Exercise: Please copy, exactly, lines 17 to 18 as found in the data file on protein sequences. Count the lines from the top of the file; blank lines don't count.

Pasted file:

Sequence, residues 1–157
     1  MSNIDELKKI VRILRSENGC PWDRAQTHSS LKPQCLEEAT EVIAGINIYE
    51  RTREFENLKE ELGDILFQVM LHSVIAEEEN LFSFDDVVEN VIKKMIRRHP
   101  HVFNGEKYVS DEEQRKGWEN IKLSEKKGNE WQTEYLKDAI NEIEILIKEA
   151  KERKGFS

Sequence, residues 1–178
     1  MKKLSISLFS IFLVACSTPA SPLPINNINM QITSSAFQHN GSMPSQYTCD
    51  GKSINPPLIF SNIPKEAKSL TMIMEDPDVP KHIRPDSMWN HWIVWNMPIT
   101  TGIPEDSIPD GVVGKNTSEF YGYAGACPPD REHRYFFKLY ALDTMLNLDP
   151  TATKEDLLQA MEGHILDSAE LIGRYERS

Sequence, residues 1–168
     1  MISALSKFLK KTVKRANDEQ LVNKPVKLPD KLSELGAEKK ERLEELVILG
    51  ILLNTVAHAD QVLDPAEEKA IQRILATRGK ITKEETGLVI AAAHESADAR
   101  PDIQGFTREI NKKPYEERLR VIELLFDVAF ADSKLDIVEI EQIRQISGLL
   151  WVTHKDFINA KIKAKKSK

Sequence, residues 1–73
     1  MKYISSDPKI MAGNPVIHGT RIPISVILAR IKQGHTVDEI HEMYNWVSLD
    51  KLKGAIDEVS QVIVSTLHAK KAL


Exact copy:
     1  MKYISSDPKI MAGNPVIHGT RIPISVILAR IKQGHTVDEI HEMYNWVSLD
    51  KLKGAIDEVS QVIVSTLHAK KAL